Your Worst Nightmare

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Your Worst Nightmare

Caroline Carter, Staff Writer

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What’s your worst fear? Right off the bat, your answer was likely something along the lines of spiders, snakes, heights, etc., but as you think deeper about the question, an unfortunate and gut-wrenching answer crosses your mind: human trafficking. Most couldn’t imagine the horrors victims of trafficking face every day. It is a massive issue all over the world, but no one ever seems to acknowledge it. When you take off the rose-colored glasses and look at the world, you come to realize how disgusting people can be and how low they are willing to stoop for money.

Human trafficking is the forceful transportation and harboring of someone into situations of exploitation against his/her will, most often for large sums of money. Globally, the modern slavery market makes about $150 billion per year, $99 billion coming from sex trafficking. Approximately 20 million to 40 million people are victims of trafficking, about 71% women and young girls and roughly 29% men and young boys. Data suggests that only 0.04% of human trafficking cases have been identified, meaning the vast majority of these cases go undetected. The United Nations has referred to these crimes as “the hidden figure of crime.” It’s terrifying to think about how successful this industry is and how high of a demand there is for something so revolting.

In America alone, 1 out of every 6 women have fallen victim to attempted or completed rape, whereas 1 out of every 33 men are victims of attempted or completed rape. These statistics fluctuate depending on geographic location, race and ethnicity, working class, and sometimes religion; however, none of these factors will ever condemn the victim. In the U.S., the top 3 cities with the most human trafficking cases include Washington D.C., Atlanta, Georgia, and Orlando, Florida. Most of the time, large cities with easy access to means of transportation are the biggest hub for criminal activities such as human trafficking.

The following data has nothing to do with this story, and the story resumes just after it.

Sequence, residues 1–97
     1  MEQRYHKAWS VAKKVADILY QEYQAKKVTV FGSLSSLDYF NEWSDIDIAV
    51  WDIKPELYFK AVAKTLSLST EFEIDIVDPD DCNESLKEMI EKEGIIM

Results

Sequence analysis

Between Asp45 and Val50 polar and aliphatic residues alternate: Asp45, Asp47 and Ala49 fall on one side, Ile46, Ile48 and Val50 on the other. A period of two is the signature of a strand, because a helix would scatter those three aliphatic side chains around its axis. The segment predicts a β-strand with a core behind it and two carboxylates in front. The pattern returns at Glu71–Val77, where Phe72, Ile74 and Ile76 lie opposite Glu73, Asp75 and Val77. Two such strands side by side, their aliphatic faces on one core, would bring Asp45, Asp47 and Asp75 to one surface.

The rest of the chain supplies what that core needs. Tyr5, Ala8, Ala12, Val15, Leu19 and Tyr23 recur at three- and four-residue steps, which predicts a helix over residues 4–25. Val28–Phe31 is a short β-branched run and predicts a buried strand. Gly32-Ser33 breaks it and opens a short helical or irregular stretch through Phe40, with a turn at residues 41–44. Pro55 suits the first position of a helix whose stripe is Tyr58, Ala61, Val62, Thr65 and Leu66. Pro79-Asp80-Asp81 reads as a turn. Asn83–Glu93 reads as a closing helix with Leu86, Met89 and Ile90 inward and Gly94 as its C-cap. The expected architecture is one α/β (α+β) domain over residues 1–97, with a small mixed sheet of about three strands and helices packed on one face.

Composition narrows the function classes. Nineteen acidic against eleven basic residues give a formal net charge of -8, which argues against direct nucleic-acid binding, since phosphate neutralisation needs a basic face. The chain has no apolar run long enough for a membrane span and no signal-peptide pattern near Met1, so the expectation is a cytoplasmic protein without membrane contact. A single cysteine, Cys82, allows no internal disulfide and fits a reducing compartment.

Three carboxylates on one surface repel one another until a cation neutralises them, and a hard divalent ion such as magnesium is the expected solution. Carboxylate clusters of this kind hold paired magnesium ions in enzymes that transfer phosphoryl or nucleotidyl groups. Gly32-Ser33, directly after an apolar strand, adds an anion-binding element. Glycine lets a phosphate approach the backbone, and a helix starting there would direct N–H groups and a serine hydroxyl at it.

Because women are more likely to be victims of sexual assault than men, possible situations and necessary precautions are always on their minds. The most common precautions women take include, but are not limited to, never leaving a drink unattended, holding her car keys between her fingers, cutting her hair shorter so it’s harder to grab, carrying pepper spray and/or a taser, and remaining alert in any public place. It’s disheartening to know that despite all of the necessary precautions, the statistics don’t change. Despite what some small-minded people believe, rape has nothing to do with the victim and everything to do with the rapist; the survivor never “asked for it.” 

Everyone is vulnerable to abductions; however, there are factors that cause greater risk for some more than others. In the sex trafficking industry, women from 14 to 25 are the targets highest in demand. Factors that put someone at a higher risk of being abducted include: moving to an unfamiliar area, abusing any substance, having mental health concerns, or running away from home. Traffickers will often use their victims’ vulnerabilities as leverage for control over them.

Much like their victims, traffickers come from a myriad of backgrounds. Some come from the same working class and living conditions as their victims; others use their wealth, power, and privilege to their advantage. Traffickers could be anyone: family members of the victim, business owners, gang members, romantic partners, government representatives, or corporation executives. They exploit their victims through many psychologically damaging tactics. They physically, emotionally, and economically abuse their captives, make promises targeted at the needs of the victim, and isolate their targets from friends and family members in order to scare the victim into submission. Captives often feel like they can’t leave because of shame, trauma, threats placed on them or their family members, and emotional dependency, and they become trapped.

Human trafficking is a heinous, inexcusable crime that needs to be put to an end. Millions have fallen victim to this growing industry, and the majority of these cases remain unsolved. While the government is working to bring these crimes to justice, it simply isn’t enough. If you see something that seems off, report it; your instincts are most likely right. There are also a variety of hotlines that are available 24/7, and they can make it easier to get help. Trying to put an end to trafficking may seem impossible now, but if we don’t do anything to help, this repulsive industry will continue to climb at an alarming rate.

 

Works Cited
“11 Facts About Human Trafficking.” DoSomethinghttps://www.dosomething.org/us/facts/11-facts-about-human-trafficking. Accessed 13 November 2019.
“Statistics.” RapeCrisis, https://rapecrisis.com/statistics/. Accessed 14 November 2019.
“Top Cities in America With the Most Cases of Human Trafficking.” GeoffreyGNathanLawhttps://www.geoffreygnathanlaw.com/topics/most-cases-of-human-trafficking-in-america/
Accessed 14 November 2019.
“What is Human Trafficking?” NationalHumanTraffickingHotline, Published 6 May 2019, https://humantraffickinghotline.org/what-human-trafficking. Accessed 13 November 2019.
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